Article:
One strategy for preserving a two-camp approach would be to concede that while ethics informs goals, implementation is the province of other disciplines. This is a retreat from the original rhetoric: ethics is no longer irrelevant or dangerous, but plays an exalted role in setting the agenda for “what works.”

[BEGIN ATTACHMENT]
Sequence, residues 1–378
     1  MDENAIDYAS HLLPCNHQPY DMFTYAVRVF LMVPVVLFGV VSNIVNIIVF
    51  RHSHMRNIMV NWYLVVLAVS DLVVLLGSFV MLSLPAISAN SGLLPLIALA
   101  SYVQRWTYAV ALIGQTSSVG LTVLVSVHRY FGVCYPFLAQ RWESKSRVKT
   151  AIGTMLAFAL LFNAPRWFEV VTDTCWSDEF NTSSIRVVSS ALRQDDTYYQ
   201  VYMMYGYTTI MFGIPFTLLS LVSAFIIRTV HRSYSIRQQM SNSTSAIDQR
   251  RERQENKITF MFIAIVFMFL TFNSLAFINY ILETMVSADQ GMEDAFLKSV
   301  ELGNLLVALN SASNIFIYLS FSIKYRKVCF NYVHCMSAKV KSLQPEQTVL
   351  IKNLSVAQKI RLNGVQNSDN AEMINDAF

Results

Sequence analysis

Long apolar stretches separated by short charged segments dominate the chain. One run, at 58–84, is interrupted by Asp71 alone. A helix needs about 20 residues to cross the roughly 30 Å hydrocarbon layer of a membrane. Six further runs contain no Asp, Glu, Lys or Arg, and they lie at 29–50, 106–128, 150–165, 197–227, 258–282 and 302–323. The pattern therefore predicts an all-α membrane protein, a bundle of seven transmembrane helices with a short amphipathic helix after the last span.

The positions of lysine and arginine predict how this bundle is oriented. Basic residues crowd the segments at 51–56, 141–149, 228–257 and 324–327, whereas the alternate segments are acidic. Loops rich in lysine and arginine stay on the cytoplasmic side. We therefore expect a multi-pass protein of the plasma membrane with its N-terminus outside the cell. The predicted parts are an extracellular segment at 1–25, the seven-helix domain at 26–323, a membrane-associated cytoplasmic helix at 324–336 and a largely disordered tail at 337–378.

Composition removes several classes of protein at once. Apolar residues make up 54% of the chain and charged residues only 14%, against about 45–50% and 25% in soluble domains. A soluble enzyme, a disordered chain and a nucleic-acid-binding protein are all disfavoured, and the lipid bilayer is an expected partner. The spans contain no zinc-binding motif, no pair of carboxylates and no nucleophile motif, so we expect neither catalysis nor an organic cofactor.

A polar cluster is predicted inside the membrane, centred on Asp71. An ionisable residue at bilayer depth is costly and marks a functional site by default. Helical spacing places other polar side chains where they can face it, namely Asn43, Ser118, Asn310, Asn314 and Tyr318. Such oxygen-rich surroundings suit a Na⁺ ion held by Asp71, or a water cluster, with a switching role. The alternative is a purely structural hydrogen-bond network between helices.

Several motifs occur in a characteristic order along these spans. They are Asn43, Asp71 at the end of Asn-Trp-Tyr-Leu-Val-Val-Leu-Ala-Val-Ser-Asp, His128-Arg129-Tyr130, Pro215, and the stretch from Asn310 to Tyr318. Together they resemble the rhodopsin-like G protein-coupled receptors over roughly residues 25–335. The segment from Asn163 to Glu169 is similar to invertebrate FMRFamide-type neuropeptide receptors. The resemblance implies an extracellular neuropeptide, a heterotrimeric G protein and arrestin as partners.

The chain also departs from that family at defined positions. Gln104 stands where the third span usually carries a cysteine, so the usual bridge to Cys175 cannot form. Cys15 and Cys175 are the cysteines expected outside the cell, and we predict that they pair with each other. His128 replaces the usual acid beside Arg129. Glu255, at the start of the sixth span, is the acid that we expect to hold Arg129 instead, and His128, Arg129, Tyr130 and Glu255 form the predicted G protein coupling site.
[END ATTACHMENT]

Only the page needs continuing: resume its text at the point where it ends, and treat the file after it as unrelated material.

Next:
Nevertheless, the “pure implementation” view remains prejudicial, since it tacitly assumes that implementation does not involve ethics. This is surely false. Just as you cannot build a good building if you do not know what it is for (e.g., housing or trash disposal), so there are ethical restrictions on how you go about building it, whatever it is for (e.g., prohibitions on stolen materials, slave labor). One plausible constraint in the climate case is that emissions reduction policies should not exacerbate injustice. Most obviously, extreme implementation methods—such as involuntary sterilization campaigns or depriving the very poor of subsistence emissions—should be off the table. A more interesting question is “what else?” In my view, policy professionals should consider such questions a vital component of their work, and therefore have significant training in recognizing ethical concerns. Without this, climate policy is in danger of violating intelligibility constraints. For example, it might advocate building small lifeboats (for the privileged) when it should be pursuing an ark (for all).